He, let’s call him Bob, was always a good guy. That’s what he told me recently, but, “back in the day”, he had done some pretty bad things. It doesn’t really matter what his bad things were, but, if this were the game show, “Family Feud,” and the top ten answers were on the board, the two things that he did would have been there.
Bob was a good guy– a stellar person. Probably, would have been in the 99th percentile of goodness. Does the evil that men do always have to live after them? Yes. That seems likely.
It is so interesting– everyone knows the despicable things that he did. At least, that is what Bob thinks. Bob is wrong. Everyone is never every one.
I was with him at a conference a few months ago and everyone seemed to like him. He sat at an empty table and people, who were acquainted with him, filled up those vacant seats and he was, quickly, in the midst of earnest and enjoyable conversation. Our table hung together longer that the others and Bob and his cohorts were loathe to leave.
While walking with him in the conference hallways, our conversation was frequently interrupted by greetings from passers-by.
One woman in the hallway was cold to Bob, avoided eye contact and refused to even say, “Hello,” when Bob, cautiously, greeted her. Right after that, Bob and I sat in the hotel coffee shop and I noted how pensive he had become.
I asked, “Are you all right?” He said, “You know, I used to be a pretty good guy.” The chill in the hallway left Bob frostbitten. All of those warm greetings and the great table talk from the night before had been forgotten. “I used to be a pretty good guy.”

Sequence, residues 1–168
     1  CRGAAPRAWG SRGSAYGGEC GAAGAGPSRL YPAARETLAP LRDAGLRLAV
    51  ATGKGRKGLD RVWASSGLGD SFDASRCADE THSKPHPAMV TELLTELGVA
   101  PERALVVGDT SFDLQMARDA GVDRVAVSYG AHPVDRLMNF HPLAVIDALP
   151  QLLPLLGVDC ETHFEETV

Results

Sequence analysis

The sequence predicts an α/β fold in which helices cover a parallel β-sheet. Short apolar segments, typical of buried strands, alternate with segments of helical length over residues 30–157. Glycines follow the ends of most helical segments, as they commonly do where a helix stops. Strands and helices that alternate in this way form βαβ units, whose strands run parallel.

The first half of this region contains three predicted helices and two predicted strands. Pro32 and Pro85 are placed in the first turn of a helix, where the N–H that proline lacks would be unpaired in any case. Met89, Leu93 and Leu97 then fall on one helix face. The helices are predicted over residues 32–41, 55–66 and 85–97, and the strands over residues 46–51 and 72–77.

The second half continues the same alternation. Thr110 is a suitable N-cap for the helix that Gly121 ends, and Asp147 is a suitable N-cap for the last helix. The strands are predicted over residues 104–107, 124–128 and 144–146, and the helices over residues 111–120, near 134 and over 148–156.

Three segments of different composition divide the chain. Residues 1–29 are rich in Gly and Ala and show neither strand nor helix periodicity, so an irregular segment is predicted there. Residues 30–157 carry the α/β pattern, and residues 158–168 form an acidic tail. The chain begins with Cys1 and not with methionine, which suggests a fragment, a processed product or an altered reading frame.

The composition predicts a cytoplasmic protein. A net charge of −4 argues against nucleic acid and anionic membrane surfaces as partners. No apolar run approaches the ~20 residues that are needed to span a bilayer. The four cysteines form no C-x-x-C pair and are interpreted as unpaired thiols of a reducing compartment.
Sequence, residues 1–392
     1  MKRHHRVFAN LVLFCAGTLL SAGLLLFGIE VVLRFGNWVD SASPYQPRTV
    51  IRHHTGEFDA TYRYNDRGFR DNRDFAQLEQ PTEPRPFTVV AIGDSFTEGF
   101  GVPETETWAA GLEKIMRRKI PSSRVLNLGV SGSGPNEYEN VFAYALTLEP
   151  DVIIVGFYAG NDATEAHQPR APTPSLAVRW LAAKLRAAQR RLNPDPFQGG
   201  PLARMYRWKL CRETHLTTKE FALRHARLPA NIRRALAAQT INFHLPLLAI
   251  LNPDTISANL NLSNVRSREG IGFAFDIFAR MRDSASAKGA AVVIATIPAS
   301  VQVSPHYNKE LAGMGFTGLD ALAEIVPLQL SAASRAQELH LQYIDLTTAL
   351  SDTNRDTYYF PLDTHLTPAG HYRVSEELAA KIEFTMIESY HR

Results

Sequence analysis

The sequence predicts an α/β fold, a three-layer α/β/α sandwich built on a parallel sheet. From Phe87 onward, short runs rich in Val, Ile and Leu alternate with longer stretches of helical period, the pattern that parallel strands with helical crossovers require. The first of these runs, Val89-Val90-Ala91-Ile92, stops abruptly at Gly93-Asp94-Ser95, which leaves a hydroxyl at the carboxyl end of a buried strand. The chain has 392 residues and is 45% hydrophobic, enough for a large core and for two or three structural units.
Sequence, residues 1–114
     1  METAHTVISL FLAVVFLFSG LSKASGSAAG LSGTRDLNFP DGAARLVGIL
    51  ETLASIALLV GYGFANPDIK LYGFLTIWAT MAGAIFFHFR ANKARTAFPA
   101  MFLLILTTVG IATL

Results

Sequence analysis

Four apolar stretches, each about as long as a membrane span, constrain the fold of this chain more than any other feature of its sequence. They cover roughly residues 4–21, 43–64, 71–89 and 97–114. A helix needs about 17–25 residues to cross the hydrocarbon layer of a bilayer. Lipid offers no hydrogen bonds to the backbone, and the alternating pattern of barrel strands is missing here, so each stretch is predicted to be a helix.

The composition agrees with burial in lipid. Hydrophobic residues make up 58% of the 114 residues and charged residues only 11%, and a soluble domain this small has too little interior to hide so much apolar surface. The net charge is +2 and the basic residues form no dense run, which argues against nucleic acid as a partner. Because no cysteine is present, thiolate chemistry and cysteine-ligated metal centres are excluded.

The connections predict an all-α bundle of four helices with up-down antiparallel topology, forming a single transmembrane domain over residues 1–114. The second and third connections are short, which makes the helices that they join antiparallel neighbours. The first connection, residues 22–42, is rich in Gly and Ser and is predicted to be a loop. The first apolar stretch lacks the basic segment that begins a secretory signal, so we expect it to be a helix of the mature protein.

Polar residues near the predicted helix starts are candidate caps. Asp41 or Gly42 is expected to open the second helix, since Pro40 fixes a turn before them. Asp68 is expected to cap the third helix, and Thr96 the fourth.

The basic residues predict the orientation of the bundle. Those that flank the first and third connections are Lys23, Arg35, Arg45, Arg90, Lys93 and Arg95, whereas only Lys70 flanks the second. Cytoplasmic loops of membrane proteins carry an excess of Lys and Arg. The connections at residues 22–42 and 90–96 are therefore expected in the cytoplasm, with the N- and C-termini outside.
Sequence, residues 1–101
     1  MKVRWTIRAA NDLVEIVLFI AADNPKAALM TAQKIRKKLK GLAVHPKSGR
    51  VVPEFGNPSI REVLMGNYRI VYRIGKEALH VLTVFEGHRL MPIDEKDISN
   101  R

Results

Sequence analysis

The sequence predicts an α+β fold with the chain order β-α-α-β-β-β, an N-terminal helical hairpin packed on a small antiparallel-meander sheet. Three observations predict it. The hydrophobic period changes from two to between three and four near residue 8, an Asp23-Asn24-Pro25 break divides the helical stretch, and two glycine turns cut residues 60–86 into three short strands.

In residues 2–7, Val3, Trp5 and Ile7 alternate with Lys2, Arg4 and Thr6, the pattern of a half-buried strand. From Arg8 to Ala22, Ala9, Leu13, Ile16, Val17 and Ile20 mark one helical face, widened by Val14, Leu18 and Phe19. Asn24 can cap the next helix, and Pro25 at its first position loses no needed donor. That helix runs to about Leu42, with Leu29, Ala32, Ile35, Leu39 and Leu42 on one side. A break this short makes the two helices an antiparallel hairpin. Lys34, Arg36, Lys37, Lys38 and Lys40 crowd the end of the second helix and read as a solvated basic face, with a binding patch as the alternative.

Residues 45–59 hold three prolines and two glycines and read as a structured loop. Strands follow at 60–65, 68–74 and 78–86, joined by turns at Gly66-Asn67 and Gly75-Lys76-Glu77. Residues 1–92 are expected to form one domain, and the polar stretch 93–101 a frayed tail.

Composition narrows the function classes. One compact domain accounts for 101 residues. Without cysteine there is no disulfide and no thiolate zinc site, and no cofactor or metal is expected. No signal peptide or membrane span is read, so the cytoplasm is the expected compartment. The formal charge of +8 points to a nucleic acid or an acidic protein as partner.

I told him that he still was a good guy but what I said didn’t matter. The jury of one– and there always seemed to be someone– reminded him that he didn’t, always, behave like a good guy. He didn’t have to be reminded. He knew his shortcomings. He, always, remembered and his shame, guilt, and embarrassment wrapped him in solitude when he was laughing with even the most accepting group.
“I was a good guy.” Bob would, in his own mind, never be that good guy again. It didn’t matter that most people didn’t care that he did some bad things. Some didn’t even know that he had transgressed. Some knew the real Bob. He didn’t care that most had forgiven and forgotten, because some would never forgive or forget.
He would look in the mirror and think, “There I am. I was always a good guy. Well, I used to be a good guy.” Bob wasn’t angry or bitter. He was just inside sad and lonely. It made perfect sense that some people pretended to not recognize him. He didn’t recognize himself.
Bob knows about the mysterious “forgiveness” key. He holds it in his heart. He uses it, almost, too eagerly with others. He just hasn’t figured how to turn that key in his own life.